4. Thanks for the info. I’d never heard of it, either. I don’t think in 30 years in the business I’d ever come across this. The particular inspector stuck a gauge right into the ductwork to measure the CO level. I’d never seen that done either in hundreds and hundreds of inspections I’ve done. I was nervous when I saw him do that but he duct taped over the whole. I don’t know how many inspectors actually pierce the duct work to make a test. It was, however, the furnace guy that decomissioned the system.
    Do you always use a moisture meter in a bathroom?

  5. oops, I got you mixed up with Bruce above.
    Since you’re an agent have you ever entered a vacant home under your contract without telling the LA first? Measure for drapes or frig, etc?

  6. I saw a $5,000 fine posted recently for an agent who let his buyers into a vacant house and left them there. He went off to an appointment while they measured, etc. either planning to come back or telling them to lock up. The owners came by, even though they didn’t live there, and were very angry. Agents was slapped with a $5,000 fine from the mls.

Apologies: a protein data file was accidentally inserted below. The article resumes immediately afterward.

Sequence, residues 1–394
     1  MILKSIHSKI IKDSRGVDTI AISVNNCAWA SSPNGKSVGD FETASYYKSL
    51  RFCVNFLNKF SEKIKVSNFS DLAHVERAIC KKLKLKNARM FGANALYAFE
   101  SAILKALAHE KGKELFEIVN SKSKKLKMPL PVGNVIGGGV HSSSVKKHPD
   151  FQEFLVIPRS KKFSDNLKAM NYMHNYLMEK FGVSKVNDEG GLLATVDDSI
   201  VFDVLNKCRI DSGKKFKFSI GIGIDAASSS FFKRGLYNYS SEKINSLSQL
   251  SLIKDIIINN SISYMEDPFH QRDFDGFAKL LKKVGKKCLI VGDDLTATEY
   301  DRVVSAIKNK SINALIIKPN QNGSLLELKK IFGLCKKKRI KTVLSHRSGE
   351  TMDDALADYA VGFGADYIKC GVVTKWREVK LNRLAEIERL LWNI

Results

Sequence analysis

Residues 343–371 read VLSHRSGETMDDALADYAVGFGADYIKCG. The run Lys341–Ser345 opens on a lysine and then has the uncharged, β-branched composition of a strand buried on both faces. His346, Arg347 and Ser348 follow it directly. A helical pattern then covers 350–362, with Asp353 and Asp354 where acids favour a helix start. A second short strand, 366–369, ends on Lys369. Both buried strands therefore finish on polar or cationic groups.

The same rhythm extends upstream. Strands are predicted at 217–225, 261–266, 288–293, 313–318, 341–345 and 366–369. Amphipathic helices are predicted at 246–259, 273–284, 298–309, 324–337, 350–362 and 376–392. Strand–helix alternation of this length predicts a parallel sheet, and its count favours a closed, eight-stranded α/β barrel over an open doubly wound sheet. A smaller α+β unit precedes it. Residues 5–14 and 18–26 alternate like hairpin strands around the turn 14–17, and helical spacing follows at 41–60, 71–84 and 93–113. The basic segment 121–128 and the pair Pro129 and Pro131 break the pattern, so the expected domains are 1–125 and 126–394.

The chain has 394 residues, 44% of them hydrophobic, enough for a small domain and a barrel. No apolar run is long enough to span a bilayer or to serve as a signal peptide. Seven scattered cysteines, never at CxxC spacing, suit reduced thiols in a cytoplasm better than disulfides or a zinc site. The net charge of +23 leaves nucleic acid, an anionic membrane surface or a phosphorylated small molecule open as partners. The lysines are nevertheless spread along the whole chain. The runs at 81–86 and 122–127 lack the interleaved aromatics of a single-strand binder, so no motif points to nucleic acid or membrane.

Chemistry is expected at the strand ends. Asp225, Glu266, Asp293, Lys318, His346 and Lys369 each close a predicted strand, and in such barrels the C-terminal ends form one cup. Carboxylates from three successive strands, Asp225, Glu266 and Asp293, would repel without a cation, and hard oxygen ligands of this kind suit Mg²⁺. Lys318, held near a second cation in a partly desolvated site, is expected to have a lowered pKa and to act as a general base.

Not sure if he had to pay the whole fine. Sometimes they make you pay $2,500 and defer $2,500. If you have any more violations they charge the new violation fine, and bring the $2,500 back from the first offense at the same time.

    If the listing says 000-000-0000 for “phone to show”, I don’t think a call is necessary. But some agents remove the lockbox early on to prevent too many trips to the house by the future buyers during escrow. There have been instances around the country where buyers have started painting or remodeling before close of escrow. They figure, why not…it’s vacant anyway. So removing the lockbox might be a good safeguard, requiring permission to access.